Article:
Raccoons are amazingly intelligent and adaptable creatures. Although classified as a carnivore, raccoons are actually opportunistic omnivores. As humans continue to take over their habitats, raccoons have been forced to try to live among us. Often humans become irritated by raccoons rummaging through their trash or eating their pet food. They seem to forget that the raccoon is simply trying to survive in a shrinking world.
Raccoons typically have their babies in April and May after a 63 day long gestation. However, we have received babies from early March through late August. The babies are born with their eyes and ears closed and are completely helpless. They open their eyes at around 3 weeks of age but don't start accompanying their mothers on foraging adventures until they are around 10 weeks old. Raccoons mature slower than kittens and puppies and aren't weaned until 12-16 weeks of age. They stay with their mothers well into the fall and often through their first winter.
Raccoons are orphaned for a variety of reasons, the vast majority of which are caused by humans. When their mothers are killed, babies will often remain in the den for up to two days waiting for their mothers to return. Eventually they become so desperate that they will plunge from trees. Small raccoons that are found on the ground crying usually need to be rescued and care should be taken to look for siblings. Raccoons are very good mothers and generally keep a close eye on their young.
If you find an orphaned raccoon, it is very important to contact a licensed wildlife rehabilitator as soon as possible. There is nothing cuter than a baby raccoon, and it is very tempting to want to try and raise it. However, there are many factors that must be taken into consideration. Since it is illegal to keep a raccoon, it is impossible to find a veterinarian who is willing to work on wildlife. In Kentucky, a baby raccoon can not be taken from the wild and kept as a pet. It takes just one person to get you in trouble leading to an arrest, fines and confiscation of the raccoon. Most importantly, raccoons do not make good pets. They are so cute and cuddly when they are little, but they become destructive and aggressive when they become adults. It is very hard to rehabilitate an adult raccoon that has lived its entire life in the company of humans with no exposure to its own kind. Often, the "owner" will simply let the raccoon go when the situation gets tough. This is nothing more than a cruel death sentence since the animal lacks the skills necessary to survive in the wild.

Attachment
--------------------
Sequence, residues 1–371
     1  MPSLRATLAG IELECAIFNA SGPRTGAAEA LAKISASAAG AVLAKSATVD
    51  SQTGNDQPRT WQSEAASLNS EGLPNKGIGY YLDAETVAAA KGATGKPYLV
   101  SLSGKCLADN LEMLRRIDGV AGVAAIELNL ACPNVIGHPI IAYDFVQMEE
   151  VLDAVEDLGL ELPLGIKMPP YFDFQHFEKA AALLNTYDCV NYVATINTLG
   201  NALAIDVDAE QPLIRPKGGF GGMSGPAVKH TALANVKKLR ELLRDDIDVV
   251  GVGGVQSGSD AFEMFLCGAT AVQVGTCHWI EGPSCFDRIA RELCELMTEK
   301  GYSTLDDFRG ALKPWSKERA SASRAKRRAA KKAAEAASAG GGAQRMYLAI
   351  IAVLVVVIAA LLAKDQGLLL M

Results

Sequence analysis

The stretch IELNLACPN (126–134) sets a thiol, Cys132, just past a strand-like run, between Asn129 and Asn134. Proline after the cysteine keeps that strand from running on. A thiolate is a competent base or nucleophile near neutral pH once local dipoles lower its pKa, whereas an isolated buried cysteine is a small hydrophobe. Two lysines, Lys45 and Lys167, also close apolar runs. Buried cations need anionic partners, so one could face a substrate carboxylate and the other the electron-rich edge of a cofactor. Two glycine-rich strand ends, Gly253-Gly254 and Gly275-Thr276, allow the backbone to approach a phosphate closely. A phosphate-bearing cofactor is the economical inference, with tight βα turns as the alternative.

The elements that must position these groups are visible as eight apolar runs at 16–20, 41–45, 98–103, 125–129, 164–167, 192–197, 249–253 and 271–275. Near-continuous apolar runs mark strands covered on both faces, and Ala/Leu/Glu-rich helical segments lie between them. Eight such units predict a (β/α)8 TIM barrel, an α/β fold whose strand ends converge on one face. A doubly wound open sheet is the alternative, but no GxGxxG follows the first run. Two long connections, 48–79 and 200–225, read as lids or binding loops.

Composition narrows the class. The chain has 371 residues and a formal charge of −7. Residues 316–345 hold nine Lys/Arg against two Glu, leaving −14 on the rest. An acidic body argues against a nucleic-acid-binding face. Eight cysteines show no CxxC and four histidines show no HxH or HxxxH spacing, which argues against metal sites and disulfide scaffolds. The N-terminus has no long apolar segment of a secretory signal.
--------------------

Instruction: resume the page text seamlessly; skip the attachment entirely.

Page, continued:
It also must be stressed that the orphan must be rehydrated before any type of formula is given. It can be very tempting to feed a hungry baby, but it can do more harm than good. The baby must first be given fluids before formula can slowly be introduced. Also, you never want to give any wild animal cow's milk. They can not properly digest it, and it can lead to further dehydration and even death. We use a milk replacer that is specifically formulated for orphan raccoons.
In the rehabilitation setting, raccoons are raised in groups so that they can learn how to interact with other raccoons. Their caregivers are limited, and they typically are scared of most humans. We do not allow other people to pet or play with them. They get the best veterinary care and are released onto protected land. Rehabilitators are trained to meet the nutritional, medical, and housing needs of wildlife.
Raccoons can get a variety of diseases and parasites. Rabies must be mentioned as any mammal can get rabies. However, there has never been a case of the raccoon strain of rabies in Kentucky. This is not to say that a raccoon can not get rabies, but it is rare in Kentucky, and it is usually exposure to the skunk strain. They can also get canine distemper and raccoon parvovirus (which is actually very similar to feline panleukopenia). Raccoons can also carry baylisascaris procyonis or raccoon roundworm. This parasite can be deadly to humans if ingested. Kentucky Wildlife Center vaccinates the raccoons in our care for rabies, canine distemper and feline panleukopenia and deworms them regularly. We do everything in our power to ensure the health and well-being of the animals in our care.
Raccoons truly are one of the most endearing and charismatic animals in the world. Through understanding and tolerance, we can coexist with wildlife.
For more information on raccoons, please Click Here to read Raccoons: Living in Harmony with Your Wild Neighbors.
"Until one has loved an animal, a part of one's soul remains unawakened." Anatole France
So grateful that you were able to take the two baby raccoons we found in our attic. I'm glad they were given a second chance at life.
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